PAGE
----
AN AUTHORITATIIVE, UP-TO-DATE INTRODUCTION TO PHYSICAL ACOUSTICS
Easy to read and understand, Fundamentals of Physical Acoustics fills a long-standing need for an acoustics text that challenges but does not overpower graduate students in engineering and physics. Mathematical results and physical explanations go hand in hand, and a unique feature of the book is the balance it strikes between time-domain and frequency-domain presentations.
Fundamentals of Physical Acoustics is intended for a two-semester, first-year graduate course, but is also suitable for advanced undergraduates. Emphasis on plane waves in the first part of the book keeps the mathematics simple yet accommodates a broad range of topics: propagation, reflection and transmission, normal modes and simple waveguides for rectilinear geometries, horns, inhomogeneous media, and sound absorption and dispersion.
The second part of the book is devoted to a more rigorous development of the wave equation, spherical and cylindrical waves (including the more advanced mathematics required), advanced waveguides, baffled piston radiation, diffraction (treated in the time domain), and arrays. Applications and examples are drawn from:
* Atmospheric acoustics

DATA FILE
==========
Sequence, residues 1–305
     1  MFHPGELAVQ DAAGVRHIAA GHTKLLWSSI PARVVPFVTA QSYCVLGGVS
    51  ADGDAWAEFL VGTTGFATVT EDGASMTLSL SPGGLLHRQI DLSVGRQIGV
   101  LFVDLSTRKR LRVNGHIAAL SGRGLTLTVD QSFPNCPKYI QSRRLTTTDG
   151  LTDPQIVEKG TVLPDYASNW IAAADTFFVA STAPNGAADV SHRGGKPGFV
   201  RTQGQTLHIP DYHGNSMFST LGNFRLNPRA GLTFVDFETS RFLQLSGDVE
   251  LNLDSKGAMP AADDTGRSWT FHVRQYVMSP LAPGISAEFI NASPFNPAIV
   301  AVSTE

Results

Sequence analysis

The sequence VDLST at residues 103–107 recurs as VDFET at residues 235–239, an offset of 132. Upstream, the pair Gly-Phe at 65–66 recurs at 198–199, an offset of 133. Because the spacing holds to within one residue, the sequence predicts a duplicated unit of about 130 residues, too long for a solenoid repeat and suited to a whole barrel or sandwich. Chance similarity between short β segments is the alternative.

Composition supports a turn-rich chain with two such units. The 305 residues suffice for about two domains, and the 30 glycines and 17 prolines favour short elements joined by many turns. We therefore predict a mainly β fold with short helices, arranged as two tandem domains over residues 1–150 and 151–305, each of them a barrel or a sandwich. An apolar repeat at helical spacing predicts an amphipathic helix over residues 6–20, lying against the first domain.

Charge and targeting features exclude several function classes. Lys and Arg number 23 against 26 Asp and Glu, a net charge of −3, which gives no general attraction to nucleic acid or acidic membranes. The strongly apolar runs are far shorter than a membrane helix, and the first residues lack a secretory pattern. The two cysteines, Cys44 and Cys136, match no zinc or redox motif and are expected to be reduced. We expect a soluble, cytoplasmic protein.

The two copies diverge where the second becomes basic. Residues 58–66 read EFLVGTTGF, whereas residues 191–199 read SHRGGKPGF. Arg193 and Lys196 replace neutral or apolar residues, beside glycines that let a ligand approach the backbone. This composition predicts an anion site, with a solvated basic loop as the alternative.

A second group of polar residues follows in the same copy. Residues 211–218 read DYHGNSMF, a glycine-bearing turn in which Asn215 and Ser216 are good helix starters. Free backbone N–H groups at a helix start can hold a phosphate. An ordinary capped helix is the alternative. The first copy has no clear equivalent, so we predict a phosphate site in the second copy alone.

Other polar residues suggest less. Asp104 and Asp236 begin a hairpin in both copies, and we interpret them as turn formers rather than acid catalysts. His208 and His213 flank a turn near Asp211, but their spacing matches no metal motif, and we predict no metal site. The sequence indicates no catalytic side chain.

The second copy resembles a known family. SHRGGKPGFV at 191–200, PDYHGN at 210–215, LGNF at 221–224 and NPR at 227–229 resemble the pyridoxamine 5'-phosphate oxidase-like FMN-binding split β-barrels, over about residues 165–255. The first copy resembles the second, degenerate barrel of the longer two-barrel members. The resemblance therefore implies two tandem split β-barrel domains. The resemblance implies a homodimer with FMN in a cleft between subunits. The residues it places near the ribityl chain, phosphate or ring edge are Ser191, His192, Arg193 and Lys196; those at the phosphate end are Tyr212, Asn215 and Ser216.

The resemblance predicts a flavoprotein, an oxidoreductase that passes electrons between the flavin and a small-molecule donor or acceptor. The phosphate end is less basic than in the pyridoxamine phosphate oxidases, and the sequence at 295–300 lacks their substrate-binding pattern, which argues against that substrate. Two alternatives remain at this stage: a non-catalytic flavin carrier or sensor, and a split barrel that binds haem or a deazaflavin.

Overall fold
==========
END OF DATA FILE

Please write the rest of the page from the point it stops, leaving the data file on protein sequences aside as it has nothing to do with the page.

* Noise control
* Underwater acoustics
* Engineering acoustics
* Acoustical measurements
Supplemented with more than 300 graphs and figures as well as copious end-of-chapter problems, Fundamentals of Physical Acoustics is also an excellent professional reference for engineers and scientists.
Blackstock (mechanical engineering, U. of Texas) presents an introductory textbook on the physics of sound written for a two- semester graduate-level course. For part of the book, he attempts to keep the mathematics at a fairly basic level, while covering such topics as propagation, reflection and transmission, normal modes and simple waveguides for rectilinear geometries, horns, inhomogeneous media, and sound absorption and dispersion. However, the mathematics gets a little more rigorous for such advanced topics as wave equation, spherical and cylindrical waves, baffled piston radiation, diffraction, and arrays. Annotation c. Book News, Inc., Portland, OR (booknews.com)